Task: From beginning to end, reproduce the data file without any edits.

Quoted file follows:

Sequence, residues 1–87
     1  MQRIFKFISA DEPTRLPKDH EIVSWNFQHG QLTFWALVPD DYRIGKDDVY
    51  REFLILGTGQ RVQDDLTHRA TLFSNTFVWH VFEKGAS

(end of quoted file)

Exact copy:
Sequence, residues 1–87
     1  MQRIFKFISA DEPTRLPKDH EIVSWNFQHG QLTFWALVPD DYRIGKDDVY
    51  REFLILGTGQ RVQDDLTHRA TLFSNTFVWH VFEKGAS